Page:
You can be on Entrepreneur’s cover!

Don't Be the Cheapest, Be the Best When pricing your product or service, instead of sweating the pennies, look at how you can charge more by offering a better quality experience for your customer.

By Mike Templeman

entrepreneur daily

Opinions expressed by Entrepreneur contributors are their own.

Often, founders are worried about how they price their product compared to their competitors. They will find out what everyone else is charging and price their product towards the bottom end of the price range. Their reasons for doing this is they want to be competitive and ensure their price isn't a hurdle for potential customers.

Yet, I caution that pricing low is a strategy they should implement. Let me explain why.

Related: Why Customers Become More Loyal After Flirting With Other Brands

Someone can always be cheaper

When dealing with the price of a good or service, new companies need to understand that there can always be a cheaper option. Regardless of how cheap they go, their more established competitors can choose to price their good or service lower than the new company. The competitors have established brands, usually more cash on hand, and are often willing to lose a little money in the short term to price out the competition.

Don't get into a pricing war with your competitors. Instead, offer something better than them.

Related: The 4 Types of Competitors That Brands Must Battle

People are willing to pay for quality

"We know we're not the cheapest option in the market, but we make up for that by providing our clients with once in a lifetime experiences and providing them with the best guides and programs," says Mike Brcic, the founder of Sacred Rides, a mountain bike tour company based out of Toronto that was recently ranked the mountain bike tour operator by both National Geographic Adventure and Outside Magazine.

He's very aware that they're not the lowest-priced option in their space but also understands that his customers are ready to pay for an amazing experience and because of that, his company has grown aggressively for the past few years.

Make more money selling one item than selling one hundred

Similarly, Rob Alday, the co-founder of Abode, a luxury property management company that specializes in high-end ski lodge rentals, decided to eschew the low end of the market to focus on lower volume and higher margins.

"Our rentals are not for everyone, and I'm alright with that," says Alday. "This just means that we're better able to focus on our core audience and this makes our marketing efforts easier and keeps our customer service requirements at a minimum."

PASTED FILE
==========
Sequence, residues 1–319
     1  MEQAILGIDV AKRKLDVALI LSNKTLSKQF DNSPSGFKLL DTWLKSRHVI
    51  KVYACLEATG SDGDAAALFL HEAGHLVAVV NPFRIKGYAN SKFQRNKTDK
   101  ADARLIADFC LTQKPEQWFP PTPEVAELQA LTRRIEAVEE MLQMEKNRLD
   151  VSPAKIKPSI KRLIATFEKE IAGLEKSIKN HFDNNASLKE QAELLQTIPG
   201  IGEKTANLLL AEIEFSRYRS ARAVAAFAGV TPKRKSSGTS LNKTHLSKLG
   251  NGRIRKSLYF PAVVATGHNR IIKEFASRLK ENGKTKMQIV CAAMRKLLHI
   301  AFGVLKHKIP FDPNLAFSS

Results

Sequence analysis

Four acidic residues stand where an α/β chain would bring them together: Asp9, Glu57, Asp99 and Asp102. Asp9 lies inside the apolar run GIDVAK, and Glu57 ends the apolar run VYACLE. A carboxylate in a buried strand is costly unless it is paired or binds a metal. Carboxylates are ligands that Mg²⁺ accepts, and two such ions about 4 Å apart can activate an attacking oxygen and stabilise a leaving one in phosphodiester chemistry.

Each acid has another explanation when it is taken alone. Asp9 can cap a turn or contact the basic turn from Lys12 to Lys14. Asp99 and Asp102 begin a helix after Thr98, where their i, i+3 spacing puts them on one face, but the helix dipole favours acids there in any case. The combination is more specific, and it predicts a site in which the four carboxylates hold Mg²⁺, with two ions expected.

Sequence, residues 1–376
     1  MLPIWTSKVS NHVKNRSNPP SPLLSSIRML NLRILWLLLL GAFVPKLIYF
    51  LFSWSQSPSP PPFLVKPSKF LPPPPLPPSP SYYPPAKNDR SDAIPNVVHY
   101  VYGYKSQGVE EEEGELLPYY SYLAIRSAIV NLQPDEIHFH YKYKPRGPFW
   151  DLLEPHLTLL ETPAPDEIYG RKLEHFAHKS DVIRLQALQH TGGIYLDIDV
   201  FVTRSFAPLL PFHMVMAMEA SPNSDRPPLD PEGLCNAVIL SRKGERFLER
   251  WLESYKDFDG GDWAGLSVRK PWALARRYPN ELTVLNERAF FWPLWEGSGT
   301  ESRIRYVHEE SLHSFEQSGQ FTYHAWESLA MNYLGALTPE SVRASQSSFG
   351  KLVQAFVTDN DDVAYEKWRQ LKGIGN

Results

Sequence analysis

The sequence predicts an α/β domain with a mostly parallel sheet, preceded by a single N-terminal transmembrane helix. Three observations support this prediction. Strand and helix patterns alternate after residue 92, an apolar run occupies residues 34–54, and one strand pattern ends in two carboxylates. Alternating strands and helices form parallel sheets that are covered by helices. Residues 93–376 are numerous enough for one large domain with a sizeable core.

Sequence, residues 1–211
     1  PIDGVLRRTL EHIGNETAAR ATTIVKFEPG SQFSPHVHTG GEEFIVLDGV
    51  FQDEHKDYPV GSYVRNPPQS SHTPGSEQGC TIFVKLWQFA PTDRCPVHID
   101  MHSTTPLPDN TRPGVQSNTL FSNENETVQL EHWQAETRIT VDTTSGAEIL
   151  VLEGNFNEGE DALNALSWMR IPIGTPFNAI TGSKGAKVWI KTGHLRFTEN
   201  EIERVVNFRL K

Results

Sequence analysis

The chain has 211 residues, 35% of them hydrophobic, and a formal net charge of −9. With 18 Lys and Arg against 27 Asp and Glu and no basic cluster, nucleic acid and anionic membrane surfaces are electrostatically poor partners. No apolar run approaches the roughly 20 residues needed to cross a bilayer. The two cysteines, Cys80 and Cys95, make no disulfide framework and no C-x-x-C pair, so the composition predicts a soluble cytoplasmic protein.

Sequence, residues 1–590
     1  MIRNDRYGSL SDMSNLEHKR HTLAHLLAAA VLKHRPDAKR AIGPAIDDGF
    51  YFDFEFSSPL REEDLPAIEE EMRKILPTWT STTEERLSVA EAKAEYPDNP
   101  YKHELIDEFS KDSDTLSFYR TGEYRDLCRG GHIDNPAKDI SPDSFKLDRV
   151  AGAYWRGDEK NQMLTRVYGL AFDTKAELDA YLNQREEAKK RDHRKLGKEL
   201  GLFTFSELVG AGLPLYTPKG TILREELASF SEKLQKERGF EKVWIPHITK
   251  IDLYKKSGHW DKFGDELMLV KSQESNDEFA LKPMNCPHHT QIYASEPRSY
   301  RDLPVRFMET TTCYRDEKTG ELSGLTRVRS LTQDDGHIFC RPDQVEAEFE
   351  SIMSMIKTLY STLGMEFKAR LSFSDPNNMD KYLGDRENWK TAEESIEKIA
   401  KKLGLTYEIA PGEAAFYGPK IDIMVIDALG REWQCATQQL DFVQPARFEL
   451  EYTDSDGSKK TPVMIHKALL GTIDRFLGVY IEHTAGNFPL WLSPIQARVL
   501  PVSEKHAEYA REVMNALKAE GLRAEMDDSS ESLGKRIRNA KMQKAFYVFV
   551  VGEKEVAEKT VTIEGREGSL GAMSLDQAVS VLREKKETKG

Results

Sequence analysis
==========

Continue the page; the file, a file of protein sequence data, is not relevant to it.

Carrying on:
Alday, like many other entrepreneurs in the luxury market have avoided pricing wars altogether and instead focus on a small segment of the market. This helps with marketing, infrastructure, growth, and overhead costs. Plus, he never has to nitpick over a dollar here or a dollar there when looking at his competitors.

So, the next time you're considering how to price your product or service, instead of sweating the pennies, look at how you can charge MORE by offering a better quality experience for your customer. You'll be shocked at how much less stress is involved with pricing up instead of pricing down.

Related: Why (and How) You Should Befriend Your Competitors

Mike Templeman

Writer and Entrepreneur

Mike Templeman is the CEO of Foxtail Marketing, a digital-content marketing firm specializing in B2B SaaS. He is passionate about tech, marketing and small business.  When not tapping away at his keyboard, he can be found spending time with his kids.
 

Want to be an Entrepreneur Leadership Network contributor? Apply now to join.

Data & Recovery

Add Extra 20% Savings to This Complete CompTIA Course Bundle Through April 16

Give your IT career goals a boost with this low-priced package.

Leadership

The Unseen Reason You Feel So Overwhelmed — and How It Impacts Your Business

Feelings of tiredness and exhaustion are on the rise. Here are a few tips to combat the symptoms within your own business to boost productivity and employee morale.

Side Hustle

This Dad Started a Side Hustle to Save for His Daughter's College Fund — Then It Earned $1 Million and Caught Apple's Attention

In 2015, Greg Kerr, now owner of Alchemy Merch, was working as musician when he noticed a lucrative opportunity.

Cryptocurrency / Blockchain

From Idea to Lucrative Side Hustle — Why Bitcoin ATMs Are the Future of Currency Exchange

Bitcoin ATMs present a lucrative opportunity — the market is projected to grow to $16.85 billion by 2033.

Business News

This Futuristic Wearable Smartphone Alternative Projects a Screen on Your Palm — And It's Now Widely Available

Humane's Ai Pin fastens magnetically to clothing and becomes a voice-activated AI assistant that can make calls, send texts, take notes, and find answers to complex questions.

Business News

Wealthy Americans Are Getting Second Passports at Record Rates, According to a New Report

New data from law firm Henley & Partners found that Americans outnumber all other countries for having secondary citizenship.